The retail climate is mercurial to say the least. You may already feel overworked as you are required to do more with less. All the focus is on delivering results to stay competitive. How can you get the edge? How can you get the team to deliver?
Keep in mind that positive or negative business results are typically driven from either positive or negative behaviors. At the end of the day, your employees and your team are your most valuable resource, and they are worth your investment of time and attention.
Need more convincing? Recall your own journey. Can you think of someone in your life either personally or professionally who took time to help and guide you? You know, that one person that you trusted to be able to share your weakest areas. The person that had no problem telling you that you were wrong and needed to get better.
The choice of taking notice of a peer, subordinate or even…a boss to mentor is ours to make. Instead of thinking of mentoring as one more addition to the workload, consider that mentoring could be the most meaningful work you do that also has a direct result on your bottom line.
Mentoring is within arms reach with these 3 recommendations:
1. Be authentic
Mentoring doesn’t require hours out of your week. It does require authenticity. Mentoring comes from the inside out. Yes, a calendar invite or two will be required, however, an honest heartfelt discussion for 30 minutes over coffee can do wonders. If you fail to be authentic, it will feel like a bad first date wherein you are both looking at your phones, doing anything to get away from the situation.
As the mentor, asking: “How are you doing?” and meaning it sets the tone of “I’m here for you.”
Your mentee may not open up right away. Few people want to admit they need help. Set a risk-free tone at the outset by suggesting that you both simply share where you are today. This can make people feel comfortable and positively vulnerable.
2. Find common ground
As the mentor, it’s natural to share your insights. In doing so, be careful not to send an indirect message that you are better due to your experience or even your title. While this may be true, the mentor must strive to find common ground and work towards common goals.
For example, the mentee may be frustrated with career growth or the dynamics of their team. As the mentor, don’t just give advice. Share your firsthand experiences to give the perspective that it happens to us all. After sharing hardships, present the practices you followed to help the mentee see that there is hope. This leads to tip #3:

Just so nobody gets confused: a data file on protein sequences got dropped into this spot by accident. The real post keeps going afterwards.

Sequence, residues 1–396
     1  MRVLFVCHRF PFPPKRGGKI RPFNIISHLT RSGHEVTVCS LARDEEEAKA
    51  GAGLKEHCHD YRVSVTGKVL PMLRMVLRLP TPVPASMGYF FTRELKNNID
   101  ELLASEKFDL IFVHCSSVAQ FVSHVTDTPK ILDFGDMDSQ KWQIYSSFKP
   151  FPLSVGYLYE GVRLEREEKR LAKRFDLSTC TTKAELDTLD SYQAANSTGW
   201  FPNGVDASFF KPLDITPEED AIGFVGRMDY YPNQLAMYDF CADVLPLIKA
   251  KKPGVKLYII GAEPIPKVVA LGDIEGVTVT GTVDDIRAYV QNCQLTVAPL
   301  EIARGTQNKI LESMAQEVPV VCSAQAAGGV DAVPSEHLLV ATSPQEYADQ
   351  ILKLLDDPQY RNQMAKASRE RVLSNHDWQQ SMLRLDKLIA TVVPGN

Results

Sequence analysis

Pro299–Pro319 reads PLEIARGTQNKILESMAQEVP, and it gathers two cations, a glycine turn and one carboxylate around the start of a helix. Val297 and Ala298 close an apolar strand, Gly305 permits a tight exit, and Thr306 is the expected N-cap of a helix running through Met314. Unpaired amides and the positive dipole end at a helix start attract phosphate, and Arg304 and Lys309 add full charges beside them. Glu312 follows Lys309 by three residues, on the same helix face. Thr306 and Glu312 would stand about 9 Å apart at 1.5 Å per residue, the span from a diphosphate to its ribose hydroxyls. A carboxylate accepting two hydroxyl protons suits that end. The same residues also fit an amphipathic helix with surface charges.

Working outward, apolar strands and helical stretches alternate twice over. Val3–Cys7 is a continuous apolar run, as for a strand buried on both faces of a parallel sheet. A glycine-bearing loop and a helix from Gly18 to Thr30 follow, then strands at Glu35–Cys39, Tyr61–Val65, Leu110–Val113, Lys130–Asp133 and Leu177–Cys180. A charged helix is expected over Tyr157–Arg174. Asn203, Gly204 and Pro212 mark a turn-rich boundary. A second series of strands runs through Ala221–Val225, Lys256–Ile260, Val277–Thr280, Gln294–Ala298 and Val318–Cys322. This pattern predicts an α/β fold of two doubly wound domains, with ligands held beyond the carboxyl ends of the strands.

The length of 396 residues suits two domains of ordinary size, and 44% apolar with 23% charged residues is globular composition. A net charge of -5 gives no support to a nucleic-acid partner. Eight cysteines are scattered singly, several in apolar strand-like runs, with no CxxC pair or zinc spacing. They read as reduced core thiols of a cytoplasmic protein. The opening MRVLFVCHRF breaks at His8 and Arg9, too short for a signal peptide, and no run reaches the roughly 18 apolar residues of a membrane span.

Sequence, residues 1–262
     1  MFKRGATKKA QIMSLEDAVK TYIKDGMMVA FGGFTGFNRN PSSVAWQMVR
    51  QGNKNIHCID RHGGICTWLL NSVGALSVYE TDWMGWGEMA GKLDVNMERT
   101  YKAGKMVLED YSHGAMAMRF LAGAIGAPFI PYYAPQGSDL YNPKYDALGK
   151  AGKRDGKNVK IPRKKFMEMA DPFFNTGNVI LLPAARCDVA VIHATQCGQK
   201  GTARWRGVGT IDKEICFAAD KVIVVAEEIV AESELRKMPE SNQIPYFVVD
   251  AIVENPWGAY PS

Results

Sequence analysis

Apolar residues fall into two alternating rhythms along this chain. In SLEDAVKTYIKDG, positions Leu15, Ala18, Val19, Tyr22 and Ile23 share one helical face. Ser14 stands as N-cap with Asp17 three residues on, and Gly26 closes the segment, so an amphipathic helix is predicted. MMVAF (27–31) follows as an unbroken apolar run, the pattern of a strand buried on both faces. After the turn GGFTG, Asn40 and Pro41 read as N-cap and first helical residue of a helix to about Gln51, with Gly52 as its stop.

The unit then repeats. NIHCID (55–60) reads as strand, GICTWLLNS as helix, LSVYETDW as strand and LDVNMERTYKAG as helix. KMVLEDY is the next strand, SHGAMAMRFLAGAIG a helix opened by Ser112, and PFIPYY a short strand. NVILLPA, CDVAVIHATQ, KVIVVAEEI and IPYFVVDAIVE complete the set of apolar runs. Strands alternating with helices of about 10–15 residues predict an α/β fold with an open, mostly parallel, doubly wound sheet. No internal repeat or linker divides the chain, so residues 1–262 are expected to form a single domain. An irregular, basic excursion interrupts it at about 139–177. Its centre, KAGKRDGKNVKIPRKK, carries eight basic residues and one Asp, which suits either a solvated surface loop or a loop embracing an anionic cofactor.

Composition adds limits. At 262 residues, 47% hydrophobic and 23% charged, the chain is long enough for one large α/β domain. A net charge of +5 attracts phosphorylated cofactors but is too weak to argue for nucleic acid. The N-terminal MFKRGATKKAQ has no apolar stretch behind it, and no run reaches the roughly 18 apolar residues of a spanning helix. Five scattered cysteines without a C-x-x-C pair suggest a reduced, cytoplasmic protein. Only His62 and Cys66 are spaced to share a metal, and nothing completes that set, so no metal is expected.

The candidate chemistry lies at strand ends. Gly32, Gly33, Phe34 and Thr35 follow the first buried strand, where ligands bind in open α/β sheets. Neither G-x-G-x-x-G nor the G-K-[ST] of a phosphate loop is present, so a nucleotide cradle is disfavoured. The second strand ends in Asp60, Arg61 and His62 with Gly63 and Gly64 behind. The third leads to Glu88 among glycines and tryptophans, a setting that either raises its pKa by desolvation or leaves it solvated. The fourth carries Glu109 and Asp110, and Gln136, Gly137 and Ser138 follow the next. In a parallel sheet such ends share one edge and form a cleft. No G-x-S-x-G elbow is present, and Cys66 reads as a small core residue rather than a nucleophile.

3. Stay away from answers, but share experience
Mentoring is a progressive coaching session. It is all about the journey of perspective vs. the destination of answers. We all are traveling the path of life, and it is the experiences we live that gives us context and help us answer the “why.”
Using phrasing such as: “Give this some thought,” or, “You may consider,” sets the tone of thinking and guiding vs. ordering and doing. Execution is important but taking some time to reflect can be just the ticket to learning how to grow into the next phase of our retail careers.
It does not require a corporate mandate or a defined process to get mentoring started within your company. You can be a mentor at anytime. In fact, you most likely are right now without even knowing it. What is required is a stance of humility, honesty and openness.
As you grow in your career, always be mindful of those around you. That is, are people growing with you? The conscious leader always keeps this in mind. Make yourself a promise that you will give this some thought. Retail is always changing; be a part of the change in a positive way by investing in your people.
I’ll leave you with a thought that I have kept in the front of my mind for years:
One day someone on your team will be sitting around a campfire talking to their friends and family about how you treated them. The choice is yours as to what they will say.
Are you mentoring anyone in your stores? Has a mentor impacted your retail career? Let us know in the comments.
About the author:
Brian Travilla is a retail leader with over 25 years of experience in a variety of industries. With a concentration on leadership and team development, Brian is an avid contributor and writer on LinkedIn and is currently publishing a retail leadership book. Brian also is a leadership coach and offers real-life experience and strategies to develop leaders to realize and develop the right skill set to deliver results and develop the team.
One thought on “Mentorship in Retail”
As always, great words of wisdom! To this day I continue to share stories on our many conversations, as they helped guide me through this crazy world of retail. Keep them coming!